The Cyber-Cassandras said this would happen. For decades they warned that hackers would soon make the leap beyond purely digital mayhem and start to cause real, physical damage to the world. In 2009, when the NSA’s Stuxnet malware silently accelerated a few hundred Iranian nuclear centrifuges until they destroyed themselves, it seemed to offer a preview of this new era. “This has a whiff of August 1945,” Michael Hayden, former director of the NSA and the CIA, said in a speech. “Somebody just used a new weapon, and this weapon will not be put back in the box.”
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Now, in Ukraine, the quintessential cyberwar scenario has come to life. Twice. On separate occasions, invisible saboteurs have turned off the electricity to hundreds of thousands of people. Each blackout lasted a matter of hours, only as long as it took for scrambling engineers to manually switch the power on again. But as proofs of concept, the attacks set a new precedent: In Russia’s shadow, the decades-old nightmare of hackers stopping the gears of modern society has become a reality.
And the blackouts weren’t just isolated attacks. They were part of a digital blitzkrieg that has pummeled Ukraine for the past three years—a sustained cyberassault unlike any the world has ever seen. A hacker army has systematically undermined practically every sector of Ukraine: media, finance, transportation, military, politics, energy. Wave after wave of intrusions have deleted data, destroyed computers, and in some cases paralyzed organizations’ most basic functions. “You can’t really find a space in Ukraine where there hasn’t been an attack,” says Kenneth Geers, a NATO ambassador who focuses on cybersecurity.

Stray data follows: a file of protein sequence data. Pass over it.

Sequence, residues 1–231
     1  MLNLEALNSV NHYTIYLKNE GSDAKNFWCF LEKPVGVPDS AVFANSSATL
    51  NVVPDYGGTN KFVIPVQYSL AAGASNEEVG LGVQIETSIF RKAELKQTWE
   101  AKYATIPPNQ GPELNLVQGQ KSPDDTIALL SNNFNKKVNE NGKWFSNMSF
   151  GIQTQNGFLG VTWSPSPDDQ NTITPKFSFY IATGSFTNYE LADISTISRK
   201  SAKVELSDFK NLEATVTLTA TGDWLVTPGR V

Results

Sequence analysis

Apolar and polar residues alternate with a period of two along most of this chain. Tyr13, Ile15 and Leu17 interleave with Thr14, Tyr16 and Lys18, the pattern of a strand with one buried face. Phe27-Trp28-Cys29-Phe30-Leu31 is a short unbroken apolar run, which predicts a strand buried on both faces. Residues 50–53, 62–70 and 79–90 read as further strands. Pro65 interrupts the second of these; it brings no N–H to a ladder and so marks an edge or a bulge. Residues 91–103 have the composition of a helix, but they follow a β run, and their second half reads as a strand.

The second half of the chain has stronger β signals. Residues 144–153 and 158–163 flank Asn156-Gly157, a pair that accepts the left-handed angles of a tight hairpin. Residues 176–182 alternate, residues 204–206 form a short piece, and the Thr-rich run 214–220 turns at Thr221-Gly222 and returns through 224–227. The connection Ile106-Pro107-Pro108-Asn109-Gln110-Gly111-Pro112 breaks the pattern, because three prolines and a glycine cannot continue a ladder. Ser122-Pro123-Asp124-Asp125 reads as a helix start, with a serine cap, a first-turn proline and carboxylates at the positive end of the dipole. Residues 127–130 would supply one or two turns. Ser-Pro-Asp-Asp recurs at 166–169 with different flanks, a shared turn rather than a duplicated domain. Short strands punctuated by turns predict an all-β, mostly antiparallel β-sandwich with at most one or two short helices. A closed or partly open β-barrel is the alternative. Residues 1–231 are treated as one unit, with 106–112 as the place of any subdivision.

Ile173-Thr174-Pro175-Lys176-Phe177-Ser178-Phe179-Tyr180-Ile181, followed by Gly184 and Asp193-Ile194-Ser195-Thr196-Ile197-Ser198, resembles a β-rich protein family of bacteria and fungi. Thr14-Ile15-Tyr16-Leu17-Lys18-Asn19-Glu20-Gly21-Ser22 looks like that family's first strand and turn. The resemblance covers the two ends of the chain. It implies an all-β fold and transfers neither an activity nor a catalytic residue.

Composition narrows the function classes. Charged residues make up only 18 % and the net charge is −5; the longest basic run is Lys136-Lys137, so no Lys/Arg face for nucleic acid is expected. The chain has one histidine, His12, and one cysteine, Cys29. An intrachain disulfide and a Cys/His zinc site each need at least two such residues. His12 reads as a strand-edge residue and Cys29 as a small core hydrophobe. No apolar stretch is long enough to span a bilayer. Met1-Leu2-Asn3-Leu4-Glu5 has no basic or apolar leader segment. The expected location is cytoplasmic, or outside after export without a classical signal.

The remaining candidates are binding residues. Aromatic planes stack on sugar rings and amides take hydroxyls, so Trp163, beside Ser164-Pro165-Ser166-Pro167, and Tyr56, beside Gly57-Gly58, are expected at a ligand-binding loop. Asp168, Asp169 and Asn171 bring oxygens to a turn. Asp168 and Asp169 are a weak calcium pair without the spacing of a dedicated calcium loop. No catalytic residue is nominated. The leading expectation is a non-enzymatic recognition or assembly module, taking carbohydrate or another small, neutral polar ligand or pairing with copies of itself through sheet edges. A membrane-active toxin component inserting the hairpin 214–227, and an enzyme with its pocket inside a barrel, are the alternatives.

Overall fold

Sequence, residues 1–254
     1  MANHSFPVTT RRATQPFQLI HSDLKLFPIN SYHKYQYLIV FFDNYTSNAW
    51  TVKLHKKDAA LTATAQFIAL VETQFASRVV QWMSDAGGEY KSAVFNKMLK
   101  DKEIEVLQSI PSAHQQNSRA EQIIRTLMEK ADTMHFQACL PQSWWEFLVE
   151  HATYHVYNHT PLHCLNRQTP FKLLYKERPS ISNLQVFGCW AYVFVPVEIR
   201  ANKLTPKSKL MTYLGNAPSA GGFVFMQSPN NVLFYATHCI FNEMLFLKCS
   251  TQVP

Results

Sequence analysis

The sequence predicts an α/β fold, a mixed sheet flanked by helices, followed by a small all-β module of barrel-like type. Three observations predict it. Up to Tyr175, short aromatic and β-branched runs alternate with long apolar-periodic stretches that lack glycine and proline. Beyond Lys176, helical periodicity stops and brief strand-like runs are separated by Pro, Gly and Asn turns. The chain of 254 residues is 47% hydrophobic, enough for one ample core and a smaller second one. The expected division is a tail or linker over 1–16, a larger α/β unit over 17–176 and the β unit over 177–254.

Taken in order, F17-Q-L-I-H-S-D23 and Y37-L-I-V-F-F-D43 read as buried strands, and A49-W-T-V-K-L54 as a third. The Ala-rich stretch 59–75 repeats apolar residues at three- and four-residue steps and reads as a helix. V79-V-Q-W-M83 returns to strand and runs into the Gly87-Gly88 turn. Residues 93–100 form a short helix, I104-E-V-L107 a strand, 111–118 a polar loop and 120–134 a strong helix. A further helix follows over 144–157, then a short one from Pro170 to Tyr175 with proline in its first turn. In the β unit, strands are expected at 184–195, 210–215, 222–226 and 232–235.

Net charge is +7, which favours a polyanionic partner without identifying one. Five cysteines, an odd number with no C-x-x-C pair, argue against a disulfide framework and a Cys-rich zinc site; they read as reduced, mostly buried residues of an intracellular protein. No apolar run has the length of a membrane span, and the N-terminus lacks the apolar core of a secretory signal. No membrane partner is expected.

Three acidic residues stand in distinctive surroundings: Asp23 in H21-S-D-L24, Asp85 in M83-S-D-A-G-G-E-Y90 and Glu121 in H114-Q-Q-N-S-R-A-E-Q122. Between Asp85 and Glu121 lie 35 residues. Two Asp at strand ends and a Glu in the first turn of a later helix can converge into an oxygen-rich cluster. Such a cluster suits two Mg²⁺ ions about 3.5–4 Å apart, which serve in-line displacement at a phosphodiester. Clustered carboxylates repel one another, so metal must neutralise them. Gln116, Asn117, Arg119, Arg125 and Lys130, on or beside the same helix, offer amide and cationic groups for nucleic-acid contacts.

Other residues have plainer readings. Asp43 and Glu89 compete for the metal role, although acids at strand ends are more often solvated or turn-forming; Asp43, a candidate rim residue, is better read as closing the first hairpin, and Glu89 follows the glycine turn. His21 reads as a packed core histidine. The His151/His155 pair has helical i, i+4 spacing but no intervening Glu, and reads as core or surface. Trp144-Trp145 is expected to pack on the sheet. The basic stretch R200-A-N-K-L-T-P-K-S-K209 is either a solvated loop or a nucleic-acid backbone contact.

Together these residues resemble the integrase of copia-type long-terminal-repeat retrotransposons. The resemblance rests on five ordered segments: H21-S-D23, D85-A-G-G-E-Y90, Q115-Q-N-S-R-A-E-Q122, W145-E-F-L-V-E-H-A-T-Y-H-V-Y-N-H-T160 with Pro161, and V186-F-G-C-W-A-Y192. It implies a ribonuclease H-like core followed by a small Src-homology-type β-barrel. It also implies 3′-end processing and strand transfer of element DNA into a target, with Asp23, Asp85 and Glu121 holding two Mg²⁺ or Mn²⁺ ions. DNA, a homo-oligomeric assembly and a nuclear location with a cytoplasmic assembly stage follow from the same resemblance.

In a public statement in December, Ukraine’s president, Petro Poroshenko, reported that there had been 6,500 cyberattacks on 36 Ukrainian targets in just the previous two months. International cybersecurity analysts have stopped just short of conclusively attributing these attacks to the Kremlin, but Poroshenko didn’t hesitate: Ukraine’s investigations, he said, point to the “direct or indirect involvement of secret services of Russia, which have unleashed a cyberwar against our country.” (The Russian foreign ministry didn’t respond to multiple requests for comment.)